The Differences Between Employed vs. Self-Employed

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What's the difference between an employee and someone who is self-employed? Your classification will impact taxes, unemployment compensation, taxes, health insurance coverage, and other benefits.

Someone who is self-employed generally works for themselves as a business owner, freelancer, or as an independent contractor for another company. Earnings are usually directly from the business or freelancing, instead of salary or commission-based reimbursement.

Learn about the differences between being an employee and being self-employed, including the impact on taxes, unemployment, health insurance, and other benefits.

Key Takeaways

  • Self-employed workers are in business for themselves as sole proprietors or independent contractors.
  • Employees work for an organization, and the employer provides mandatory benefits, may offer additional optional benefits, and withholds taxes.
  • Independent contractors are typically not eligible for employer benefits, unemployment, or workers' compensation.

Self-Employed Definition

The Internal Revenue Service defines an individual as being self-employed, for tax purposes, if:

  • You carry on a trade or business as a sole proprietor or an independent contractor.
  • You are a member of a partnership that carries on a trade or business.
  • You are otherwise in business for yourself (including a part-time business).

Employee Definition

When you are employed by a company, you are considered an employee. Employees are on the company payroll, and the employer withholds federal and state taxes, Social Security, and Medicare.

Employees are provided with unemployment and workers' compensation insurance. Employees may be offered benefits packages that include paid sick leave, vacation, health insurance, and 401(k) or other retirement plan participation.

Self-Employment Taxes

If you're self-employed, you are responsible for paying your own taxes to the Internal Revenue Service (IRS) and to your state tax department. Even if you do not owe any income tax, you must complete Form 1040 and Schedule SE to pay self-employment Social Security tax.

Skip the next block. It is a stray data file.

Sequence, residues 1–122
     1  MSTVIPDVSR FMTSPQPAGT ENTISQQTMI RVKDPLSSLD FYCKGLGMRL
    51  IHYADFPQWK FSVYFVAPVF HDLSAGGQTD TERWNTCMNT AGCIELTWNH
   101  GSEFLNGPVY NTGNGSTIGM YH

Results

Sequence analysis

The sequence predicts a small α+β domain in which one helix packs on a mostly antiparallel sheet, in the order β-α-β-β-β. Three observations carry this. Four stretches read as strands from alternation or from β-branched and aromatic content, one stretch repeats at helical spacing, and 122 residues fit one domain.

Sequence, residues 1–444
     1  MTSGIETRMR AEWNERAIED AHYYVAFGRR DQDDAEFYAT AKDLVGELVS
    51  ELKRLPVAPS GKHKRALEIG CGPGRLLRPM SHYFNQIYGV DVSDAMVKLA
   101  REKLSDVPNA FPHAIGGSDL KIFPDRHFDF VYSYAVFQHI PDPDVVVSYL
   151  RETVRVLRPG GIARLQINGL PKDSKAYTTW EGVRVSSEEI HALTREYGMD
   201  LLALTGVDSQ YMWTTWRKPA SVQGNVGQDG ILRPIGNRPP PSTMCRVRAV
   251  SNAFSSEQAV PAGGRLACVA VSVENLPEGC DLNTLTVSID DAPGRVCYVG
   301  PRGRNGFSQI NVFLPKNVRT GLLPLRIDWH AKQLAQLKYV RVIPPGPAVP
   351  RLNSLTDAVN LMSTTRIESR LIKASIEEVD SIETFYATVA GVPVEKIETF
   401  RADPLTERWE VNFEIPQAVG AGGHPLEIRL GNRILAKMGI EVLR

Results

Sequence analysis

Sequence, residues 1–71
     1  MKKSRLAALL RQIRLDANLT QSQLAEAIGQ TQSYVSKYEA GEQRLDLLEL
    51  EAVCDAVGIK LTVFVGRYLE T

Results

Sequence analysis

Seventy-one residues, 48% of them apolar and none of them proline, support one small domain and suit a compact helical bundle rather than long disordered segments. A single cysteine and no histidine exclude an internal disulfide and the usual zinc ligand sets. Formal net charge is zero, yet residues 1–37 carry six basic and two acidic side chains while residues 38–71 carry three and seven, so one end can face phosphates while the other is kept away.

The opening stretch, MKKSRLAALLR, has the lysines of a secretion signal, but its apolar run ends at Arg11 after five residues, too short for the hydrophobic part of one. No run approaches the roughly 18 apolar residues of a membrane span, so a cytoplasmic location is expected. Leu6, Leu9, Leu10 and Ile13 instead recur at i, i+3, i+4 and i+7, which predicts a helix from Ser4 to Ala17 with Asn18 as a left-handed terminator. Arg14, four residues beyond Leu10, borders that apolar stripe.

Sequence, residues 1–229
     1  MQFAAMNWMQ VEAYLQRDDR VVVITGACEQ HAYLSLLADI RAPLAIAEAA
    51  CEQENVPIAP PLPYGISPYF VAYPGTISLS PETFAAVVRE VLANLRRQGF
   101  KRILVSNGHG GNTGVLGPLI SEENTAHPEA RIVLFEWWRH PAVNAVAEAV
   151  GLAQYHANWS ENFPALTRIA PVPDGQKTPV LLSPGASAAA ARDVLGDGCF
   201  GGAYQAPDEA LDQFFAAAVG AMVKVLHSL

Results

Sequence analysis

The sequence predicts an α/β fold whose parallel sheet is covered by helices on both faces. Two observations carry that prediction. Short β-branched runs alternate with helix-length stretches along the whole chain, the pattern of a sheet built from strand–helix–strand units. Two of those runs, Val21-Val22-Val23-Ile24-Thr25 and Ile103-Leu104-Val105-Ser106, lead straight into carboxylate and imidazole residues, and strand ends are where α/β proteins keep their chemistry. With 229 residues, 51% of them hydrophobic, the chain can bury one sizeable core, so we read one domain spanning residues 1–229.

In addition to income taxes, self-employed workers must also pay Social Security and Medicare taxes in the form of SECA (Self-Employment Contributions Act).


From a tax perspective, employing regular employees costs significantly more for employers than independent contractors because they are required to pay Social Security, Medicare, state, and unemployment taxes, in addition to a consistent salary or hourly wage-based work.

Unemployment Benefits

Independent contractors are typically not entitled to employee benefits, even those mandated by law like unemployment and worker's compensation, because they are not employees of a company.

Unlike a typical employee, independent contractors work less regularly. They work as and when required, and usually bill by the hour or per project, depending on the terms of their contracts.

Health Insurance and Other Benefits

Self-employed individuals and independent contractors may be able to purchase health insurance and other benefits through the individual Health Insurance Marketplace or through organizations like the Chamber of Commerce or other groups that provide benefits for self-employed workers and small businesses.

If you have self-employment income, you can take a deduction for health insurance expenses incurred for yourself, your spouse, and your dependents. Other self-employed tax deductions include home office costs, internet, phone, and fax expenses, meals, business travel and car expenses, interest on business loans, education, IRA contributions, and even some entertainment.

Pros and Cons

While there are many positives to being self-employed, such as choosing your own hours (full or part-time), shortening or completely avoiding your commute, focusing on career objectives that matter most to you, being able to work remotely and tax deductions, one of the downfalls is that benefits usually included in salaried work must be paid for out-of-pocket.

Furthermore, self-employed workers are responsible for both losses and profits. There are no paid holidays or sick pay, and the earning schedule may be less in the short term when you are starting out. With no boss or supervisor to manage you, it takes great focus and motivation to be self-employed. In many circumstances, hours are long, and working on your own can be lonely.

Health insurance must be contracted for by the individual, there are no paid vacations or sick days, and retirement must be planned for.

Frequently Asked Questions (FAQs)

Can an employer set my work schedule if I'm an independent contractor?

Independent contractors are considered to be self-employed, typically set their own hours, and are paid a flat rate or a per-job rate.

Can I get unemployment if I'm self-employed and out of work?

Self-employed workers and independent contractors who lose their income are typically not eligible for unemployment benefits. If you're not sure about your eligibility, check with your state unemployment department for guidelines.

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The Balance uses only high-quality sources, including peer-reviewed studies, to support the facts within our articles. Read our editorial process to learn more about how we fact-check and keep our content accurate, reliable, and trustworthy.
  1. IRS. "Self-Employed Individuals Tax Center."

  2. IRS. "Employee or Independent Contractor? Know the Rules."

  3. NOLO. "Pros and Cons of Hiring Independent Contractors."

  4. "Health coverage if You're Self-Employed."

  5. IRS. "Deducting Business Expenses."

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